New to me "Old" Planes - Router Forums
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post #1 of 18 (permalink) Old 03-19-2019, 11:28 AM Thread Starter
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Default New to me "Old" Planes

So I recently acquired a couple of new to me planes that need some work. Both I need to check the soles and irons for flatness and the iron needs a serious iron sharpening. I'll clean as best I can as well. Any other suggestions? Best methods for checking flatness on the sole? I do have a 3"x18"x12" very flat granite block in my shop. While I have flattened plane irons and chisels I've never done a plane sole. Some solid advice would be great. I often look to the infonet but there's as much bad advice as good so unless you know a solid site for such advice you're on your own. I created a web page for those planes here. Thanks again for any assistance.
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post #2 of 18 (permalink) Old 03-19-2019, 01:04 PM
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Steve...I would mark the soles with magic marker...diagonal lines from front to back...then put it on some very fine paper, take a couple of swipes and see if the marks wear even or not. Just a couple of swipes, enough to disturb the marks of the marker.

This will tell you if they are "out of flat"...

You could also lay them sole down on your flat granite and see if they rock at all...

For sanding after checking, I start with the finest paper that still marks the sole and then go finer. You will need to judge if you need to go to coarser paper. I like wet paper better. Make sure there are no "specks" on the granite under the paper...

When flattening, make sure you apply even pressure so as not to create a "low" spot in the front or rear. In other words, don't press down on the front when sanding forward and pull down on the rear when sanding backwards...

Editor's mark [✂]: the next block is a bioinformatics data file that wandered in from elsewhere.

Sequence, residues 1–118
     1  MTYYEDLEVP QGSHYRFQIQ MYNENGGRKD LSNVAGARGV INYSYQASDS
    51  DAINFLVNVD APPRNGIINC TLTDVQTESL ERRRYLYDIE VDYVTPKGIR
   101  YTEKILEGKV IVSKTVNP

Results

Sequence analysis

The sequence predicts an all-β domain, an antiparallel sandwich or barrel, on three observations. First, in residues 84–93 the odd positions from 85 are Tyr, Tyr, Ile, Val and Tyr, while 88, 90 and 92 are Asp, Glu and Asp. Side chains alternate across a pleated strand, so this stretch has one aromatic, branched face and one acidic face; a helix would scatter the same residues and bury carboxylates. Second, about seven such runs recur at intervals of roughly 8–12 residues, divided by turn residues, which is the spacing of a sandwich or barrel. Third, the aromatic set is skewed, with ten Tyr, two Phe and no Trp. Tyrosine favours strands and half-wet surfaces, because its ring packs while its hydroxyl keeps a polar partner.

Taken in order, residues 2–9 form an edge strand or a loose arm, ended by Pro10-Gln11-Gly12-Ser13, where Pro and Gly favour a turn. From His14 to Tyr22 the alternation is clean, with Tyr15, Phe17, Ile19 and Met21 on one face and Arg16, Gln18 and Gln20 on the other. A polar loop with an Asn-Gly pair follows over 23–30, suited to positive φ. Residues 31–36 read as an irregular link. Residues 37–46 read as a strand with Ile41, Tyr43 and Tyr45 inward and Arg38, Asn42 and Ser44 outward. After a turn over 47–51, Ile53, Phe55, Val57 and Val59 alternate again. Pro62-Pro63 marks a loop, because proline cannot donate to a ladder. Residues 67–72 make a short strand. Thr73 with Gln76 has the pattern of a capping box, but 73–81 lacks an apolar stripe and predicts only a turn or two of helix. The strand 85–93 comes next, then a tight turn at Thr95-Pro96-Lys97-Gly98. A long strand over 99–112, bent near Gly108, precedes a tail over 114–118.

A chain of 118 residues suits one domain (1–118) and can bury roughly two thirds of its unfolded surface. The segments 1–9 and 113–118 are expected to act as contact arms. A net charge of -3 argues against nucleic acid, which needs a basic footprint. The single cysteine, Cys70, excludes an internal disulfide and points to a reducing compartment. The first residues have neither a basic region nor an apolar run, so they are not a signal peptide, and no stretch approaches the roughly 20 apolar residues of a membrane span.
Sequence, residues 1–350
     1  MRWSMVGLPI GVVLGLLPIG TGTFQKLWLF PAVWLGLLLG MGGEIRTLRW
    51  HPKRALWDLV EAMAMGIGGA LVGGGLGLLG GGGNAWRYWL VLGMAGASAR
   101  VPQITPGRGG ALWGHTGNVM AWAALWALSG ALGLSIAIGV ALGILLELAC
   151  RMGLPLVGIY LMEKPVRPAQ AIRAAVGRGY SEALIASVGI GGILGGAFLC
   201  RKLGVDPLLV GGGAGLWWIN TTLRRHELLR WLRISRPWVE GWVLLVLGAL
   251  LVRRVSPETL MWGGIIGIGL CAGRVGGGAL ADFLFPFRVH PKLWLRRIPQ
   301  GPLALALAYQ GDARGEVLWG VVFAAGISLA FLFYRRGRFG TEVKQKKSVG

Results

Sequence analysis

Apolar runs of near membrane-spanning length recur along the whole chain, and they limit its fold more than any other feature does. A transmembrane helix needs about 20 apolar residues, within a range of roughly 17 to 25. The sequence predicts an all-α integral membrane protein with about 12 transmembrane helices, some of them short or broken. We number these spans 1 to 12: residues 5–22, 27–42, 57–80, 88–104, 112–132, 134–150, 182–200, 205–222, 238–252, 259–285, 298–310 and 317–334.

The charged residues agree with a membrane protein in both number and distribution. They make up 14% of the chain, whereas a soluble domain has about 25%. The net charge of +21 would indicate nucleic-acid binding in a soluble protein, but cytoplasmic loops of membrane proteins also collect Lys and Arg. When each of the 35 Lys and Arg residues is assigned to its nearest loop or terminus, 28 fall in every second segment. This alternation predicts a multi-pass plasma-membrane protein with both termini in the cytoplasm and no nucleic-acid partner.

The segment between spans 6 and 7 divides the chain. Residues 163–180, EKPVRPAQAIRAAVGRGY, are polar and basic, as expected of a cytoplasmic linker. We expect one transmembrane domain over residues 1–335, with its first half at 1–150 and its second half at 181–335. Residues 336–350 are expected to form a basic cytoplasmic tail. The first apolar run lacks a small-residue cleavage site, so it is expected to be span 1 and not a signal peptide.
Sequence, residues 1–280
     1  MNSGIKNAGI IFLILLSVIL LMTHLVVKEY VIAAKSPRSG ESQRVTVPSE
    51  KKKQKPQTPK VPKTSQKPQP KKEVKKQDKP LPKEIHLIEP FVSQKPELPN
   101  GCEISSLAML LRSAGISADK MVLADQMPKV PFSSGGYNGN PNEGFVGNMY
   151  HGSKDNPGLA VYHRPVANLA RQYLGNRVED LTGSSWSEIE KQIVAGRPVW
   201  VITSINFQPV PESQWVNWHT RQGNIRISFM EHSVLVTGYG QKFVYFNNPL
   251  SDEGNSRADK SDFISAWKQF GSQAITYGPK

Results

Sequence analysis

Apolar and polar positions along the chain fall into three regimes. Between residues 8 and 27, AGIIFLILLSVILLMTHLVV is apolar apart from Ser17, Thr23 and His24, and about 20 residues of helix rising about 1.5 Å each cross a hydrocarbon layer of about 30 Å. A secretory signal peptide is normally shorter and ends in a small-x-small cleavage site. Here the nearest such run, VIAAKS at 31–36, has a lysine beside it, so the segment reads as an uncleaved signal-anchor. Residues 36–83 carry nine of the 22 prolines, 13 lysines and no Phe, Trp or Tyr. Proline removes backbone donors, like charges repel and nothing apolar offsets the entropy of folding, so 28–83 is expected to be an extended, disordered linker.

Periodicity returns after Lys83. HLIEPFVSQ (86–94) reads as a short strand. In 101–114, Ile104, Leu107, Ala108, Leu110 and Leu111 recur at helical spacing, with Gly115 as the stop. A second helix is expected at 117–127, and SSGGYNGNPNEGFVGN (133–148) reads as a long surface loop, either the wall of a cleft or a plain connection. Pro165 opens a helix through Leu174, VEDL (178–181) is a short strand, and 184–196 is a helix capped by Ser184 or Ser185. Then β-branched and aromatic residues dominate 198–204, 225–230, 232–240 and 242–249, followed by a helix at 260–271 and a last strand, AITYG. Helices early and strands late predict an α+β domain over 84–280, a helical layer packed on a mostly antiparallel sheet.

I'm sure others will chime in with more info...good luck...NICE SCORE, BTW...
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post #3 of 18 (permalink) Old 03-19-2019, 02:12 PM
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Steve - Nick's suggestion on using a marker on the sole is a good one. You should take the plane apart - clean the area where the frog seats, check the mouth to make sure there are no burrs. You could also check the bottom of the lever cap where it makes contact with the iron (blade) to make sure there's even pressure on the iron.
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post #4 of 18 (permalink) Old 03-19-2019, 02:36 PM
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Steve - sorry for the double post - just had a look at your pictures - that #4 Bailey is a sweet plane.

I have two Bailey #4 planes (pictures below) - cost me a total of $30.

Not sure if you've checked this out but the first website is a great resource for Stanley hand planes:

The Superior Works - Patrick's Blood & Gore: Preface

You can also attempt to "date" your planes (I've got a #5 with the 3 Patent #s on it.) - there's a few websites you can check out - here's one of them:

https://woodandshop.com/identify-sta...ge-type-study/
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post #5 of 18 (permalink) Old 03-19-2019, 02:41 PM
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Here's another one...just for reference...you may have found this or similar already...

Stanley Plane type study

Nick

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post #6 of 18 (permalink) Old 03-19-2019, 05:18 PM